“These are, broadly speaking, priorities we share,” Price says when asked about Rainbow Railroad’s recommendations. “We are a country that has always welcomed refugees. … We’re deeply committed to that.” The historically low rate of refugee admissions under Trump, he notes, has created “a deep hole.”
But there’s also the matter of making life better for LGBTQ+ people in their home countries. The State Department manages the Global Equality Fund, a public-private partnership that makes grants and offers technical expertise to organizations and individuals working for the rights of LGBTQ+ and intersex people in many nations. Various like-minded countries, businesses, and foundations are partners in the fund. Over the past several years it’s made $83 million in grants, Price says, and this effort is continuing. There’s also aid through the U.S. Agency for International Development, the Export-Import Bank, and other programs.
And one action that can improve the lives of LGBTQ+ people overseas involves more talk — talking to the government officials and other influential types in those nations, sometimes in public, sometimes in private, and sometimes in coalition with allies.
“We will press for this in the most effective way we can,” Price says. Speaking in private is at times the right choice so the U.S. does not appear to be strong-arming other countries, but “it’s sometimes also appropriate to make this point in public,” he says. Regarding Blinken, he adds, “When the issue needs to be raised, he does not hesitate to raise it.”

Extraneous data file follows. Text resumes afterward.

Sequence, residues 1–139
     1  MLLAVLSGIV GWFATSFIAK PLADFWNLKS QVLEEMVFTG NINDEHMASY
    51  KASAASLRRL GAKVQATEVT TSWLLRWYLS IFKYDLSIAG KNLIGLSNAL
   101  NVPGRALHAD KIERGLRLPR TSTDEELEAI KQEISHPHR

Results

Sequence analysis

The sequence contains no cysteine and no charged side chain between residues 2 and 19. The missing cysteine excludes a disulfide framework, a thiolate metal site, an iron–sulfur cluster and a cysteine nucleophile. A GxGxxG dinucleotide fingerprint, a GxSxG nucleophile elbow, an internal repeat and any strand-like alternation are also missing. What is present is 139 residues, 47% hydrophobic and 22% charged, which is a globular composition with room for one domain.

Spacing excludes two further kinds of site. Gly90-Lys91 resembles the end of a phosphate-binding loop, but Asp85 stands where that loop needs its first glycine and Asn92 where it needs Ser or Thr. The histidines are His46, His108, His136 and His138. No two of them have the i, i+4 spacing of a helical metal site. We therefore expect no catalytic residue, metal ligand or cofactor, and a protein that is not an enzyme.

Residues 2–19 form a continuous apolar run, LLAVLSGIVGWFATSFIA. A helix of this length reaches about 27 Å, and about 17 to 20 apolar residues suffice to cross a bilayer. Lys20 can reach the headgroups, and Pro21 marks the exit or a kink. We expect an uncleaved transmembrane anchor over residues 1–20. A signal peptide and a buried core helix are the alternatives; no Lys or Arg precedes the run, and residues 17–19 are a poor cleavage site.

That doesn’t mean change is going to happen overnight, he notes: “We recognize it’s going to be a long-term proposition in many cases.”
Also, to those who would say that pushing for LGBTQ+ equality overseas amounts to imposing Western values, Price has a quick response: Equality and acceptance are “not Western values, not American values, but universal values.”
Price says the Biden administration holds to those values internally as well, with a commitment to inclusivity; 14 percent of administration appointees being members of the LGBTQ+ community. “This work is being carried out be departments, but at its core it’s being carried out by individuals,” Price says. “This is about more than metrics … this is the power of an example,” he adds.
When Price, who worked in the Obama administration and in the private sector, was named State Department spokesman, his Twitter feed and email were filled with congratulations but also a bit of shock and disbelief that an out gay man would be speaking on behalf of the State Department and, therefore, U.S. foreign policy. Just a few decades ago, LGBTQ+ people were often fired from sensitive federal government positions (or not hired in the first place) because they were considered a security risk.
Those days are gone, and the appointment of Price and others is a sign of progress but a reminder of how far we still have to go, he says.
“I’m very fortunate to work for an administration with whom I share values,” he says. “There’s a certain symbolism in having someone who identifies as openly gay addressing and speaking from the State Department. I recognize the power of that.”